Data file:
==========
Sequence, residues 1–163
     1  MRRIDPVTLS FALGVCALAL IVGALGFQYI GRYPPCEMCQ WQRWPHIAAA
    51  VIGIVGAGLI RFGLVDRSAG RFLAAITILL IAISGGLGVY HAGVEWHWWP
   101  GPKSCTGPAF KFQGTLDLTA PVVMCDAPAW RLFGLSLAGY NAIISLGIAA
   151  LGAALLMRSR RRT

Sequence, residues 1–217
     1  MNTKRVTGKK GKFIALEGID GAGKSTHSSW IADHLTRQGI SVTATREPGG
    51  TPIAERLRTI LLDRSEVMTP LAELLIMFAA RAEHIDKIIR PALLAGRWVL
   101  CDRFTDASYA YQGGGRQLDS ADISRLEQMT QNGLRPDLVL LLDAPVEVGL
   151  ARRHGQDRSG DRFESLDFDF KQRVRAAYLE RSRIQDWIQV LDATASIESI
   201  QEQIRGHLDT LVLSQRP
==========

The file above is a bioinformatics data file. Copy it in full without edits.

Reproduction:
Sequence, residues 1–163
     1  MRRIDPVTLS FALGVCALAL IVGALGFQYI GRYPPCEMCQ WQRWPHIAAA
    51  VIGIVGAGLI RFGLVDRSAG RFLAAITILL IAISGGLGVY HAGVEWHWWP
   101  GPKSCTGPAF KFQGTLDLTA PVVMCDAPAW RLFGLSLAGY NAIISLGIAA
   151  LGAALLMRSR RRT

Sequence, residues 1–217
     1  MNTKRVTGKK GKFIALEGID GAGKSTHSSW IADHLTRQGI SVTATREPGG
    51  TPIAERLRTI LLDRSEVMTP LAELLIMFAA RAEHIDKIIR PALLAGRWVL
   101  CDRFTDASYA YQGGGRQLDS ADISRLEQMT QNGLRPDLVL LLDAPVEVGL
   151  ARRHGQDRSG DRFESLDFDF KQRVRAAYLE RSRIQDWIQV LDATASIESI
   201  QEQIRGHLDT LVLSQRP